Maple Ridge prisons prepare for 200 Tamil refugees from Sri Lanka
By Todd Coyne
August 11, 2010
Two prisons in Maple Ridge have been prepared to receive an estimated 200 Tamil migrants expected to reach B.C. waters any day.
But the Canadian Tamil Congress and a Tamil man who migrated to B.C. by boat in 2009 are urging the public not to label those on board the ship as anything other than asylum-seeking refugees.
Lisa Monette, spokeswoman for the Department of Foreign Affairs and International Trade, said Tuesday that her office is responding to “press reports suggesting that a vessel has departed South East Asian waters” for British Columbia, but said she could not comment on either the boat's location or the government's plan with respect to such “illegal migrant-smuggling ships.”
Meanwhile, Maple Ridge district spokesman John Leeburn said Tuesday that wardens at Fraser Regional Corrections Centre and Alouette Correctional Centre for Women were told last week to prepare to receive Tamil migrants thought to be aboard the MV Sun Sea, the Sri Lankan ship reportedly headed for the B.C. coast.
Leeburn said the centres to were told to prepare space for “somewhere in the order of 80 females and somewhere in the order of 100 males.”
In October 2009, the same prisons were used to house 76 Tamil men who arrived in Victoria aboard the migrant vessel MV Ocean Lady.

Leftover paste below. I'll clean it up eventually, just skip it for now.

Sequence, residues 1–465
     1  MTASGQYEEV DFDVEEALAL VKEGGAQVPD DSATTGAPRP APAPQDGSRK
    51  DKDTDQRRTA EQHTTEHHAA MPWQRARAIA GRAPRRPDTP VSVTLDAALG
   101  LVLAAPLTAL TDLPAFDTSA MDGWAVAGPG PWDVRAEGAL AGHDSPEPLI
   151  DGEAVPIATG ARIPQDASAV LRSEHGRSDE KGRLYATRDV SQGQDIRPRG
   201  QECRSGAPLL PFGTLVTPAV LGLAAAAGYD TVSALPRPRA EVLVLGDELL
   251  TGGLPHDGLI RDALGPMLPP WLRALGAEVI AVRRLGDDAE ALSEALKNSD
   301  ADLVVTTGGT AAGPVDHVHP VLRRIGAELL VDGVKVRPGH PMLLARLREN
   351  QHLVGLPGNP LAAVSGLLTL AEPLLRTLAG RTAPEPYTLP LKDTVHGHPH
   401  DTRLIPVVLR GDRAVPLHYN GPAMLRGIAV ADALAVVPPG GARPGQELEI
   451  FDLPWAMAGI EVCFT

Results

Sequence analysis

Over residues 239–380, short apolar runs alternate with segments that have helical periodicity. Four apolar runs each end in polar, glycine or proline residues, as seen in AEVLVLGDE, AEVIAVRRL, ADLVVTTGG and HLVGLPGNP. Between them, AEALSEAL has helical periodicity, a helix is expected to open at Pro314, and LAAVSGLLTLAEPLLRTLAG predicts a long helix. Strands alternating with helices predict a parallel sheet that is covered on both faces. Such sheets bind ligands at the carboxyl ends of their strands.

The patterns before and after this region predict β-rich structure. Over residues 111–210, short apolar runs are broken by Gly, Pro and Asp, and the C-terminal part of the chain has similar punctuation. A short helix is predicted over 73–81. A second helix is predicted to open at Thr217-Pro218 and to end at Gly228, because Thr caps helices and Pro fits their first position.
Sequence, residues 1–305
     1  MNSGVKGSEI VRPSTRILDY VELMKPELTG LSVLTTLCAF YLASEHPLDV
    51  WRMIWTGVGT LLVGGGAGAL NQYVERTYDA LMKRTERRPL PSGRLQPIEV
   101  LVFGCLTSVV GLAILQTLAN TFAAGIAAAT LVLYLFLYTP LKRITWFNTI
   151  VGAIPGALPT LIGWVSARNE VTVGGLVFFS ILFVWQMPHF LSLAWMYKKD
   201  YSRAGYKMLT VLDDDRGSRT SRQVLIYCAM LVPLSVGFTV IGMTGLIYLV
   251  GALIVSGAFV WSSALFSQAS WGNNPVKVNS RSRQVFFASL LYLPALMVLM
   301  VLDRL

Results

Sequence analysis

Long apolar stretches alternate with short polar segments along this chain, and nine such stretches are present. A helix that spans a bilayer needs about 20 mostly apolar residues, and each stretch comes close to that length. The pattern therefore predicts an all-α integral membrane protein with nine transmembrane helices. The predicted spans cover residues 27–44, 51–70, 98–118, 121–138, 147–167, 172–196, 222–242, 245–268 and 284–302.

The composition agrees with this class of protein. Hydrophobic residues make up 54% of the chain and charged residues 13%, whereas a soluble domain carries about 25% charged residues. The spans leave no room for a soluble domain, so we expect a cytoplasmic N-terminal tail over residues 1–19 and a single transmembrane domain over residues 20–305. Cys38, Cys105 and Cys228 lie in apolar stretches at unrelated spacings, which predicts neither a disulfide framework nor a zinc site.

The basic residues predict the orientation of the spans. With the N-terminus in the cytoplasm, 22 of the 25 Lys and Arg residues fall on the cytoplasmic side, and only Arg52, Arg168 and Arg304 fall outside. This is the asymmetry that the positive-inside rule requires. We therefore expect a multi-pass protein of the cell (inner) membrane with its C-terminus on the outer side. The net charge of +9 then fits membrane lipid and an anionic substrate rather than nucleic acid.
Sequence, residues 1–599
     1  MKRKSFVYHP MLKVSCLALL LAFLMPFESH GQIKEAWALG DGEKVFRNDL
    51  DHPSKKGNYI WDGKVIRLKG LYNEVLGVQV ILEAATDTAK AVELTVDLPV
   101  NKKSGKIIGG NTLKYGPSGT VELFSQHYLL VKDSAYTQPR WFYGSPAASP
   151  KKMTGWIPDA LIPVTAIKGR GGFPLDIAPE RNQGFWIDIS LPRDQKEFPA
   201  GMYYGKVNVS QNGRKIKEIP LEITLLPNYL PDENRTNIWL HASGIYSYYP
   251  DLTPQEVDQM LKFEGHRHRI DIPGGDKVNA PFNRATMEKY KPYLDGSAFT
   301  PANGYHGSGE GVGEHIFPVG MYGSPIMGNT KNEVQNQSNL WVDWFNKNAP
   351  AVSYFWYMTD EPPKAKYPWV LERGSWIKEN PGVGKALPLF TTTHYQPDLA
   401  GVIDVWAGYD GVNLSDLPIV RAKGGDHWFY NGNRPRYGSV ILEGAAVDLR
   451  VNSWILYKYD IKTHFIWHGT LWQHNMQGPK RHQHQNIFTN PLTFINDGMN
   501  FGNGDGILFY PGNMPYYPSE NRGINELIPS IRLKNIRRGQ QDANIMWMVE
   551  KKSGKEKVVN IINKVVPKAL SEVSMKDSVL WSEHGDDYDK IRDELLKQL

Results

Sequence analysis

One of those men, who asked not to be identified other than through his immigration lawyer, Sam Nagendra of Robert Blanshay Associates in Toronto, recalled his 2009 detention at the Fraser Regional centre.
“When we got on the boat, we all thought we were going towards Australia,” said the man, described by his translator as in his early 20s.
Only when they were far from Sri Lankan shores did they find out they were headed for Canada, he said.
After processing by the Canada Border Services Agency in Victoria, the man remembered being taken to the Fraser regional centre where the Tamils were housed, two men to a cell. He said that although he did not expect to be held in jail for so long, his treatment by Canadian authorities was better than how Tamils were treated in Sri Lanka, comparing his experience there to life in a “concentration camp.”
David Poopalapillai of the Canadian Tamil Congress said the Canadian government must recognize that most Tamil migrants are fleeing for their lives from Sri Lankan society, despite never supporting the Tamil Tigers.
“We understand that Canadian security is paramount to everything, including Tamil Canadians,” he said. “At the same time, we are cautioning our government and our fellow Canadians to please reserve judgment until we hear from the people on-board.”
The Foreign Affairs Department, the CBSA, the RCMP and Canadian Coast Guard could not confirm the whereabouts of the ship on Tuesday.